Jr was telling me about a woman he's known since she was a kid, knew her daddy and uncles and the whole bunch. He said, "Buddy, she'll fight you." I was amused he characterized her like that. He reacted to my amusement with, "I mean it. You watch out. She'll kick your ass." I laughed a little more from the belly. He got worked up like a fire was lit under him, wanted me to understand if she came in the house while I was here I'd better watch it, she'll work me over." I couldn't help but laugh again. He was a little more agitated and getting flustered. I thought I'd better explain. I said, "If I don't provoke her she's not going to kick my ass. I won't provoke her and I won't get my ass kicked. She's not going to jump up and kick my ass because she took a notion, like a cat." He got my meaning, but he didn't like it. He knew what he was talking about and I was throwing it off with a laugh. I know that feeling, like a puddle of gas inside spontaneously combusted. I convinced him I understood she probably could kick my ass if she set out to. I'm ok with that. But she's not going to do it if I don't provoke her, and I don't go around provoking people, so we'll get along fine. That was enough of that and we went on to what's next.



In the mountains, all I held high was nothing to anybody around me. Stranded. Knowing Tom Pruitt and his brother Millard for as many years as I did, and for as many hours as I spent listening to them tell me their lives over a period of years, I learned a very great deal. Not just things they told me, but they turned out to be people from the time before electricity and they thought very differently from the world that has had electricity several generations. The first half of their lives was without it. They would have been good lives to make notes after each conversation at home and write about them at length, but I couldn't do it. Our conversations were too spontaneous. Like taping a conversation would be a farce, because it would not be a naturally flowing conversation. And the tape would not be the conversation itself. I could never put a cassette recorder at the pulpit to record the preaching. It would have been ok. Many did. It was too intimate for me to objectify. I wanted to learn from everyone I knew about the culture here, about them, their lives.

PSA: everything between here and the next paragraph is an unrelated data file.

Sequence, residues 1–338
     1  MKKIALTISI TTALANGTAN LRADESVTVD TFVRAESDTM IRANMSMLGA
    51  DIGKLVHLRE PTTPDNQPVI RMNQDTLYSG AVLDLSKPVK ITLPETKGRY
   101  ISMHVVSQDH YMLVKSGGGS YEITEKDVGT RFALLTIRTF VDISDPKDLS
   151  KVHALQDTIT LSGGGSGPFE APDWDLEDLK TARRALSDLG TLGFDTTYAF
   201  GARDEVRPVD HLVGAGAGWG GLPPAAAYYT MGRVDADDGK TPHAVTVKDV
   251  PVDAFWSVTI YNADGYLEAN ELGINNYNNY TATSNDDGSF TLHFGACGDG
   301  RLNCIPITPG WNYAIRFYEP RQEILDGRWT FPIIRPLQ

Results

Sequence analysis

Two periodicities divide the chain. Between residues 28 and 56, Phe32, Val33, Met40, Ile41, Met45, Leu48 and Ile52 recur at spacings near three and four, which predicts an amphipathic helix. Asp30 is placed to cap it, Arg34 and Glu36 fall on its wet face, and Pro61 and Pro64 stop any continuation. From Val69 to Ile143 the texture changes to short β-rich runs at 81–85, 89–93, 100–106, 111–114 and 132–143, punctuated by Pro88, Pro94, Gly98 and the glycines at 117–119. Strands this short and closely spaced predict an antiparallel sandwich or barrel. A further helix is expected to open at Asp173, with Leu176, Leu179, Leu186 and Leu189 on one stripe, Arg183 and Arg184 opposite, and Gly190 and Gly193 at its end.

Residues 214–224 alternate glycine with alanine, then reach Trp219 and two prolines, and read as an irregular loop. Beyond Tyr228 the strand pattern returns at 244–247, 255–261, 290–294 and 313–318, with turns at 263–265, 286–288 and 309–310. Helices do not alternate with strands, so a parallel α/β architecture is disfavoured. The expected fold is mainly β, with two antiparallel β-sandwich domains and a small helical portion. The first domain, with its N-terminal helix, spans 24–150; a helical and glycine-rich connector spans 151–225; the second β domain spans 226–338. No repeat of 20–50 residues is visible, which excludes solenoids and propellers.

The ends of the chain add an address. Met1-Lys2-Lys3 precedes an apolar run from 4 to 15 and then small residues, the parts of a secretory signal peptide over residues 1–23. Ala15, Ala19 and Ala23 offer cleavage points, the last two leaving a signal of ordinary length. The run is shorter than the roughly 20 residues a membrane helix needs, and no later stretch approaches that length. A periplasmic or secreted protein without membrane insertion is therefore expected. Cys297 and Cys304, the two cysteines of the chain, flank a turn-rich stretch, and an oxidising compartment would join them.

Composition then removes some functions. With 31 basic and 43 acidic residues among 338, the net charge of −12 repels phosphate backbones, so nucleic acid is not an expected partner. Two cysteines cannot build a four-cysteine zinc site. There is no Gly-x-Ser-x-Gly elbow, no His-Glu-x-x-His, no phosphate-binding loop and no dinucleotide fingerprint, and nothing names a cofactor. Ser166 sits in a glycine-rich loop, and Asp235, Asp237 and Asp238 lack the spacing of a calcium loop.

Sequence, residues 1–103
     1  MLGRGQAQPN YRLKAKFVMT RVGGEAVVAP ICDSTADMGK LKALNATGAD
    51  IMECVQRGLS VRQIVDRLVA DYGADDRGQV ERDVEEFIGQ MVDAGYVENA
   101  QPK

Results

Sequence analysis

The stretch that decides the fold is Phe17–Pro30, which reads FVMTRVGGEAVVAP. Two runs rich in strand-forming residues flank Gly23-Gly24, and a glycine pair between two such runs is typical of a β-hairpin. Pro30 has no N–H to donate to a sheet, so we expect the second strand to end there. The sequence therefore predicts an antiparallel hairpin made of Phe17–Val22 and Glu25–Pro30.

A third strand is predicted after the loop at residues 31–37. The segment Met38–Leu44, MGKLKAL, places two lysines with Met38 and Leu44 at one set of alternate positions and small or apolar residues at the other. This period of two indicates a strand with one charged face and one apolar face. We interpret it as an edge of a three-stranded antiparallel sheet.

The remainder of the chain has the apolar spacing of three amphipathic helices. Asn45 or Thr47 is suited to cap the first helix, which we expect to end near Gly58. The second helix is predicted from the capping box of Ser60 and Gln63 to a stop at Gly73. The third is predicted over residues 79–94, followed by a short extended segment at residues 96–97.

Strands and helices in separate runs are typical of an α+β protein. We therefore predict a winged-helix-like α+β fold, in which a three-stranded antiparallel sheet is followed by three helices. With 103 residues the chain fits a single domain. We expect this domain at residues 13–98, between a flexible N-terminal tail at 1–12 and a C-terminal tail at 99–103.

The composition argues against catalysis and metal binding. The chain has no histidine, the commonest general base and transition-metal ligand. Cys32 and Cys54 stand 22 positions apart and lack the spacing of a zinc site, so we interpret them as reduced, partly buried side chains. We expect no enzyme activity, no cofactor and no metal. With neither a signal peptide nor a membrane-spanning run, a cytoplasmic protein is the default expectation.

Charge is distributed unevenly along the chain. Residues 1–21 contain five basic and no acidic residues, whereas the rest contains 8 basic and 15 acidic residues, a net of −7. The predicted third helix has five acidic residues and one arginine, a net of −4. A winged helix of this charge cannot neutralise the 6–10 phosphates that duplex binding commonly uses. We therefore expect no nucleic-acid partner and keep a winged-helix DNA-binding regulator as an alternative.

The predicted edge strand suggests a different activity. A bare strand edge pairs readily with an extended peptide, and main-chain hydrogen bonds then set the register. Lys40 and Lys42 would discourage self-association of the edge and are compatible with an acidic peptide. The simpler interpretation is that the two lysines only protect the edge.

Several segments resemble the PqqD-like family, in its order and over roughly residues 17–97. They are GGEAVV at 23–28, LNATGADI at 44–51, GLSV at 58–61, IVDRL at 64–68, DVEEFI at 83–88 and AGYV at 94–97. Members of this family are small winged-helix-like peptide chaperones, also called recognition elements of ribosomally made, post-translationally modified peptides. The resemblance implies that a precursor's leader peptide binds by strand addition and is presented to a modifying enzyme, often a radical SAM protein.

I didn't quite understand how knowledge and wisdom were different. I assumed knowledge was a part of wisdom. Wisdom was something possibly based in knowledge. Then I learned it wasn't. They don't have anything to do with each other. Wisdom is from first hand experience only. For some time I suspected Jr of wisdom fairly strongly. I watched and listened for a matter of years, realizing that Jr actually is wise. I'm imagining his at least 5 sledge hammer experiences under the hand of God, none of it anything Jr initiated, like the time the old farmhouse was struck by lightning and burned down, like his brother wrecking the lives of the entire family, losing the palm of his left hand, his wife's cancer. His last wife turned out to be about the same as ice sculpture with a calculating mind wanting everything for nothing. She didn't even like him. He had property equals money. This was the blow that convinced him he was a fool. I'm of the mind it was the blow that made him wise. Jr was the same as Job on his pile of ashes, the same humility.




It snowed on and off all day and all night. I'd guess about 8" without measuring it. I've already opened a lane for the car to get out if I need to go in a hurry. The road crews were out in dumptrucks spreading salt as soon as the snow started and again a little later, this morning and a couple more times with scoops today. It's a sensible method they've adopted. They don't let it accumulate now. They can keep the roads clear throughout the snowfall. All we need to do is be able to get out the driveway. Some people have long driveways.